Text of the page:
The two antibody tests
OnOne can be done in a doctor’s office and one requires a laboratory. Some tests measure total antibody (both IgM and IgG), some measure just IgG, and some measure both IgM and IgG separately.
The office-based tests use a lateral flow technique where a medical professional flows a test sample across a strip impregnated with an indicator. The result is either positive or none. This test is in a class called a qualitative or response/no response test. A great example is a home pregnancy test where a control line shows up (the control) and then another line shows up if the pregnancy test is positive. These tests are simple to perform but lack some of the precision of the quantitative tests.
The lab variety is a quantitative test. The most common type is an ELISA (enzyme-linked immunosorbent assay). This test gives an actual titer or amount of the antibody present. With proper validation, a cut-off can be assigned where if the titer is below this level it is considered negative and positive if above. However, the best way to report it is giving an actual titer with comments as to “above what” might be considered “protective”. There are a number of ELISAs. Some measure just IgG and some measure both types of antibodies (IgM and IgG). These complex tests require the skills of a laboratory staff. Theoretically, a quantitative titer can be linked to degree of protection while a qualitative test result can only be loosely associated with protection.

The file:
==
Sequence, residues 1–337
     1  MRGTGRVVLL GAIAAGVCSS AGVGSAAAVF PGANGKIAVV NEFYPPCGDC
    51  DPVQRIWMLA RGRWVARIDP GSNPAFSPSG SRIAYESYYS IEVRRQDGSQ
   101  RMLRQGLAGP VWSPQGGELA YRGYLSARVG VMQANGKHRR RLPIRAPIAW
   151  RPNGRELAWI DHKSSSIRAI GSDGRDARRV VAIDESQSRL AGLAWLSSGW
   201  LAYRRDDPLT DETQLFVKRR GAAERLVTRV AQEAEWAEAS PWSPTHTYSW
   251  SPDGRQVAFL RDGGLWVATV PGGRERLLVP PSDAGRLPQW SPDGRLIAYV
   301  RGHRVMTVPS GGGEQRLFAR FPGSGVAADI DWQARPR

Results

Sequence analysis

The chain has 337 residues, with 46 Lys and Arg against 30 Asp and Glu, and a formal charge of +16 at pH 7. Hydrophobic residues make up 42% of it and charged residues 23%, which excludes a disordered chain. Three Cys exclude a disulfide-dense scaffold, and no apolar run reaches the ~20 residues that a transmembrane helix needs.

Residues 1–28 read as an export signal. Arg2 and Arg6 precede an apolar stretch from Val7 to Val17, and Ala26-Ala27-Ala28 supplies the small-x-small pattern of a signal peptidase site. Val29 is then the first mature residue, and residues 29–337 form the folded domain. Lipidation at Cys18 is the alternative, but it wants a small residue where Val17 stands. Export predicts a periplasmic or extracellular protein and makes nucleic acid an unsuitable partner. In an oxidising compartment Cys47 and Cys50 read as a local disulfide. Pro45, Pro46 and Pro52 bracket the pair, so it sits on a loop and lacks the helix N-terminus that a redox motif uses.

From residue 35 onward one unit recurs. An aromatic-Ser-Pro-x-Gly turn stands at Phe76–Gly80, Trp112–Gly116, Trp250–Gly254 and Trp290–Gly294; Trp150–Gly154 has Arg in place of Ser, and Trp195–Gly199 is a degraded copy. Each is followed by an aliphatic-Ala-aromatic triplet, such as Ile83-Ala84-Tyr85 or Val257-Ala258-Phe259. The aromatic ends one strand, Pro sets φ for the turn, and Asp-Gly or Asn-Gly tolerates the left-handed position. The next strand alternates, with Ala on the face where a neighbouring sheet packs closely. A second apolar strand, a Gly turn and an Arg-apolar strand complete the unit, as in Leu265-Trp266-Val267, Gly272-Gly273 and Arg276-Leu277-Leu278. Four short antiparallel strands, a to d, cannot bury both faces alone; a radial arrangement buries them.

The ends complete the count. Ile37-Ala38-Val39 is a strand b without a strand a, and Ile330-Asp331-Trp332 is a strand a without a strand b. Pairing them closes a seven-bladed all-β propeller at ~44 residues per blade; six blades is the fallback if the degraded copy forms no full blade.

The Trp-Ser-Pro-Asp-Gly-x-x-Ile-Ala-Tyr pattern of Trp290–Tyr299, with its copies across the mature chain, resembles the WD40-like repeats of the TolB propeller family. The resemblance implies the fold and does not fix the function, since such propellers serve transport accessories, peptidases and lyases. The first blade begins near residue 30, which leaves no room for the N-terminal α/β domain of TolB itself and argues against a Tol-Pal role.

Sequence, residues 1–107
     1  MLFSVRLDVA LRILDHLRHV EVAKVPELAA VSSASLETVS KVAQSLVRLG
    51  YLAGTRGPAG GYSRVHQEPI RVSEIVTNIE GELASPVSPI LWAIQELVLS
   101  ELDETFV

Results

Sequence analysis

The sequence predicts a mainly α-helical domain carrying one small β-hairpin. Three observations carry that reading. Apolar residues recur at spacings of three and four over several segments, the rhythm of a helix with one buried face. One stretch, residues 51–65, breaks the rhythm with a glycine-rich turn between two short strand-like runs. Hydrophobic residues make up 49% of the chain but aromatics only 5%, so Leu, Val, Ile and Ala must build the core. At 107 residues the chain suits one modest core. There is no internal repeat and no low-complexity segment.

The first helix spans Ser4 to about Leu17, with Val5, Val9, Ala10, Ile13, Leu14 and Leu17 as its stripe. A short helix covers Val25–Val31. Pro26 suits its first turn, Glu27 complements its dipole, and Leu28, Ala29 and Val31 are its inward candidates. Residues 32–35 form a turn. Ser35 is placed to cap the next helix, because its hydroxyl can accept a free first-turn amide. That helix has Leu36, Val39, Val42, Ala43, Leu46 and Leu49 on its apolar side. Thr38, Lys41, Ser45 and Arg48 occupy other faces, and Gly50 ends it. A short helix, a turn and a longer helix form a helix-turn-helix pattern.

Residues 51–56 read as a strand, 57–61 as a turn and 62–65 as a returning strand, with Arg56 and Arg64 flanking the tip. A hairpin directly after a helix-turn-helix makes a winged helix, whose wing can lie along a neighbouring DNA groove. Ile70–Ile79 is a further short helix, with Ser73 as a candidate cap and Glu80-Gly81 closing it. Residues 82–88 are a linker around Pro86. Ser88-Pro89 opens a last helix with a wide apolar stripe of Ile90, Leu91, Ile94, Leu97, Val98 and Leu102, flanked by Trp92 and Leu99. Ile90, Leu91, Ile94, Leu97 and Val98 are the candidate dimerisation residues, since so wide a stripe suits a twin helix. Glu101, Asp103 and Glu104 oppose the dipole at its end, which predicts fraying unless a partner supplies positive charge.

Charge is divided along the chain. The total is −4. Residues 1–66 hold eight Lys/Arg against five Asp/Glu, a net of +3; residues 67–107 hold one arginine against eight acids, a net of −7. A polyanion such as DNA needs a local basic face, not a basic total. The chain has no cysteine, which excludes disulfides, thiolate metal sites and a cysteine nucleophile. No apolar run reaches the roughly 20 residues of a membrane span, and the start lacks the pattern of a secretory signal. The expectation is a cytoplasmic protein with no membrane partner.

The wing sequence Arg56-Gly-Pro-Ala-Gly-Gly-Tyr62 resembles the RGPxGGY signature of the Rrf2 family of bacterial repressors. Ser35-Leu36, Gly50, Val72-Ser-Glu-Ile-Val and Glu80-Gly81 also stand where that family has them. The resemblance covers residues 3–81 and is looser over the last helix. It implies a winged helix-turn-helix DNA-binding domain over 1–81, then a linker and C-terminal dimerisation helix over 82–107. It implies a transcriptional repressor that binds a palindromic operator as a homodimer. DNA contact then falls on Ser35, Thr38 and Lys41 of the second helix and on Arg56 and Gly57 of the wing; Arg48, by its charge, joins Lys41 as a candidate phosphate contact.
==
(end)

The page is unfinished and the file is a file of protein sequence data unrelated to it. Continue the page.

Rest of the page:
In Part II, I will discuss what an antibody test can actually reveal as well as the pitfalls of reading too much into the results.
Everything You Need to Know About Testing for SARS-CoV-2 (COVID-19): Part II